The Fruit of the Spirit - Part 6: Gentleness

Today, we will continue our series on the importance of the Fruit of the Spirit in the life of a Christian educator—gentleness (Galatians 5:22,23).


This fruit is thought of as kindness, being friendly, generous, or warm-hearted. Educators who are walking in gentleness show sympathy or understanding; they are not harsh or austere. Kindness on the part of teachers and administrators is far more effective as a means of motivating students toward repentance and self-discipline than hitting them over the head with their sinfulness and dangling them from the pit to reinforce the issue. This does not mean that sin should not be exposed, and students warned to flee its consequences. However, it is your kindness that will break through stubborn hearts and not how skilled you are in quoting scripture verses. Even when you need to reprove, rebuke, or exhort students, it needs to be done with kindness. Preach the word! Be ready in season and out of season. Convince, rebuke, exhort with all longsuffering and teaching (2 Timothy 4:2).


The apostle Paul put it in perspective, “And be kind to one another, tenderhearted, forgiving one another, as God in Christ forgave you” (Ephesians 4:32). Kindness can be demonstrated by showing sympathy and sensitivity. You must be willing to tune in to the feelings of your students. The child who shares with you, “My pet goldfish died,” doesn't need to hear you say, “No big deal. I'm sure your parents can buy you another one.” This is not sympathy; it shows no sense of grief or feelings of loss. Gentleness as a fruit of the Spirit produces a sensitivity to student needs and leads one to lift up and encourage students rather than condemning them.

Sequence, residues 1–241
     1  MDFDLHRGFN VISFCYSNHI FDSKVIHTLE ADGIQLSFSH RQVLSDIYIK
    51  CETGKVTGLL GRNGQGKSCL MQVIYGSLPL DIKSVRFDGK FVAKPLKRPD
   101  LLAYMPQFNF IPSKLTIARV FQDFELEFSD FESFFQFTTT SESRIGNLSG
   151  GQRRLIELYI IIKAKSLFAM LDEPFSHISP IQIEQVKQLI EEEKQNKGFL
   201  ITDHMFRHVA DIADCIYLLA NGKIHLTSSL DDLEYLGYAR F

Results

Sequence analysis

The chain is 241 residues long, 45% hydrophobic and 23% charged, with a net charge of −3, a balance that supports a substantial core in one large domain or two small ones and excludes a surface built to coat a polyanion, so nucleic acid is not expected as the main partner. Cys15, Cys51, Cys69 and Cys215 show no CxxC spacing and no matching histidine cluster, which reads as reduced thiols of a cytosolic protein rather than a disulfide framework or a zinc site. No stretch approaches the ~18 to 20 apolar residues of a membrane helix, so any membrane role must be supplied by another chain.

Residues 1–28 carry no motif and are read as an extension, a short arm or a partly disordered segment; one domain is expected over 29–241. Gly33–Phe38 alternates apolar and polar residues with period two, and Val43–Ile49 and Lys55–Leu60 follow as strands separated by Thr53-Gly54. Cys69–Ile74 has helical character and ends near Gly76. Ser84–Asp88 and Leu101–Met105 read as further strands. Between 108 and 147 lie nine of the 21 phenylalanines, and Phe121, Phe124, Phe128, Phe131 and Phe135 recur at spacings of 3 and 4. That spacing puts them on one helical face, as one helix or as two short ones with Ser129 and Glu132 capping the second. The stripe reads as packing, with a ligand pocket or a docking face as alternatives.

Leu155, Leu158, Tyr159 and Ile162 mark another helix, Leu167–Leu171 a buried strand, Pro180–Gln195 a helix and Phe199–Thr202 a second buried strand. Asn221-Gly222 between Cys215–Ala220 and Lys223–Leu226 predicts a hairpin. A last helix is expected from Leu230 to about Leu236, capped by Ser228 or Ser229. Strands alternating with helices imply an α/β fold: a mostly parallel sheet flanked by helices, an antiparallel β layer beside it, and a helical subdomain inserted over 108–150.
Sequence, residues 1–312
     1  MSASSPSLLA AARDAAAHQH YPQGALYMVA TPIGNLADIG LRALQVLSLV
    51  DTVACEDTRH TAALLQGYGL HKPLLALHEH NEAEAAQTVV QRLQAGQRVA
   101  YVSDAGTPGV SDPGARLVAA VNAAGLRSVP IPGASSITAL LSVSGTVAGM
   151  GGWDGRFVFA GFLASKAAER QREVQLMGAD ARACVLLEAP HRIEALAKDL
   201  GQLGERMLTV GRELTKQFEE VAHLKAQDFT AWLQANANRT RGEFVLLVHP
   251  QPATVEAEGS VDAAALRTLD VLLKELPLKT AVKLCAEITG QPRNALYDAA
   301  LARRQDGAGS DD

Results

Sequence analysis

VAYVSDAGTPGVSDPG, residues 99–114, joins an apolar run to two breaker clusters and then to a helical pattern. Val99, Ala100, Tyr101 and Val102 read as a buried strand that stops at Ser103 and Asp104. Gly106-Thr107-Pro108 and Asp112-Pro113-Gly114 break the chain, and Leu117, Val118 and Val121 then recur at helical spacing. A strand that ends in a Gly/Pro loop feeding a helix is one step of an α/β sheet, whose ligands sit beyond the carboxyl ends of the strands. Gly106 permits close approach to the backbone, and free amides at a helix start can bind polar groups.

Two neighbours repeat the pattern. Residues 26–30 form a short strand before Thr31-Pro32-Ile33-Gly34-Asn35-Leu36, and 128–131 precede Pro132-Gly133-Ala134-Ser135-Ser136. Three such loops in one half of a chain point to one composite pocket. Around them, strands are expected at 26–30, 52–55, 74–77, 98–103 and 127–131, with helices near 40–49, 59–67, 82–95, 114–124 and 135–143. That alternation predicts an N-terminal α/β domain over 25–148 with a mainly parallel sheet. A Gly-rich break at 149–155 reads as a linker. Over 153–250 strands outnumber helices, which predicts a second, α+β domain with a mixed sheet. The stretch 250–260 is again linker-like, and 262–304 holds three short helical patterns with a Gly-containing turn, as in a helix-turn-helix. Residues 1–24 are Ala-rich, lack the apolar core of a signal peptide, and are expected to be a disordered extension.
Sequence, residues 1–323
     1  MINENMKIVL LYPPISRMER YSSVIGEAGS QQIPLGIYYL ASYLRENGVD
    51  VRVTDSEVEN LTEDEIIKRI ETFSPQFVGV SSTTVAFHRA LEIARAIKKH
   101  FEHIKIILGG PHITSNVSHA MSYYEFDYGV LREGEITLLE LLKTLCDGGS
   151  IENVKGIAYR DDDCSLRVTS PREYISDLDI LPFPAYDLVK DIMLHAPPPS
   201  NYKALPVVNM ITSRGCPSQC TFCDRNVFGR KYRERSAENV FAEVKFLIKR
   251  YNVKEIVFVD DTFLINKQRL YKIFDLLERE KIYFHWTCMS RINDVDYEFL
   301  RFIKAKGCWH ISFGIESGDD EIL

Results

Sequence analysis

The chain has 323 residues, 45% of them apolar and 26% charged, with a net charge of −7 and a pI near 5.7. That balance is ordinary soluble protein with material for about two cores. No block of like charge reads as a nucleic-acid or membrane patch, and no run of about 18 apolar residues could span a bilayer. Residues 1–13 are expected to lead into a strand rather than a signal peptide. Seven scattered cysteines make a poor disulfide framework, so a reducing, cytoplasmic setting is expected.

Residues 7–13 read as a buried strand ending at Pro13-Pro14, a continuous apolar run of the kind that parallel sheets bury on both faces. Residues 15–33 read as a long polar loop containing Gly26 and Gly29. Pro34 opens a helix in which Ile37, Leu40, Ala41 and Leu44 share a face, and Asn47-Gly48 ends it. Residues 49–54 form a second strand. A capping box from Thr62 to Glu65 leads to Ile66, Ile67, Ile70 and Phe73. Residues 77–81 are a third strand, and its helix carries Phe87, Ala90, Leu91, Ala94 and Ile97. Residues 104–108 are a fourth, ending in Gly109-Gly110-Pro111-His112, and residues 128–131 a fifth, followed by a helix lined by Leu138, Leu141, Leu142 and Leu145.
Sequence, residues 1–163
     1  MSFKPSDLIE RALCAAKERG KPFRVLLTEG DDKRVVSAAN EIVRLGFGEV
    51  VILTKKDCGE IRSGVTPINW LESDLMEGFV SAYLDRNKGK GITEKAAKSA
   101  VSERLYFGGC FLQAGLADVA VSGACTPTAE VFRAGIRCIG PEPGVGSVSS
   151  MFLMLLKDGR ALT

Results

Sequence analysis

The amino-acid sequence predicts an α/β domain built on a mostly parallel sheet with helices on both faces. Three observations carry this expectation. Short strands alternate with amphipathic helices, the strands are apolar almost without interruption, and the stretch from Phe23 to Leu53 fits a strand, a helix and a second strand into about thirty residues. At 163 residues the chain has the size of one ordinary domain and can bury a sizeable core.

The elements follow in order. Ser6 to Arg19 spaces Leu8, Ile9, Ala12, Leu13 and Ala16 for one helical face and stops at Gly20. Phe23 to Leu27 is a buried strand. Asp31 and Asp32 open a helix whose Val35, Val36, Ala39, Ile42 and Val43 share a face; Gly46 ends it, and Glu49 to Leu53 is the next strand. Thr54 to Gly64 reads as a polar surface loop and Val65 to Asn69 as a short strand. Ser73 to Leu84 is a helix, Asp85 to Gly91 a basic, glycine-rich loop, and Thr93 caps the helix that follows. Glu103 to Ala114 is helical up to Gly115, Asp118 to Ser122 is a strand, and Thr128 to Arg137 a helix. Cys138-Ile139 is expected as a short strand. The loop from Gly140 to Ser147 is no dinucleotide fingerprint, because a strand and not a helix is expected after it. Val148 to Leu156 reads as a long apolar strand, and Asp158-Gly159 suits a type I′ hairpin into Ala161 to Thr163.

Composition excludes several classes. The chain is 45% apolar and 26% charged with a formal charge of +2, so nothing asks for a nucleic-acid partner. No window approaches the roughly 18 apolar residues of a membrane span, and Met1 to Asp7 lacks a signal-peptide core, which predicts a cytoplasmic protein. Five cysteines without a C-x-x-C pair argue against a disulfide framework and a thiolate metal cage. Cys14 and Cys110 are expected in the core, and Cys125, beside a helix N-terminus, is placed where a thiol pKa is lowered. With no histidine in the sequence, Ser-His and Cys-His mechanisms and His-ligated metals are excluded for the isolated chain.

An educator who gives extra time to a student who turns in an assignment late because the student went to the hospital to visit a friend who was in an accident is displaying grace and mercy; both are important ingredients in kindness. It may take a little extra effort to track the late assignment. However, the extra kindness displayed during a point of genuine need, not only strengthens your relationship with the student, but it causes the student to respond more favorably when other demands are being placed upon him.


Kindness is modeled through generosity. Sometimes educators are reluctant to bend or adjust because they have been told, “If you give them an inch, they will take a mile.” There may be those who may take advantage of your generosity, but you must be willing to take a chance. The warmth of experiencing a moment of generosity far outweighs the unpleasantness shown by a few.

9 views0 comments

Recent Posts

See All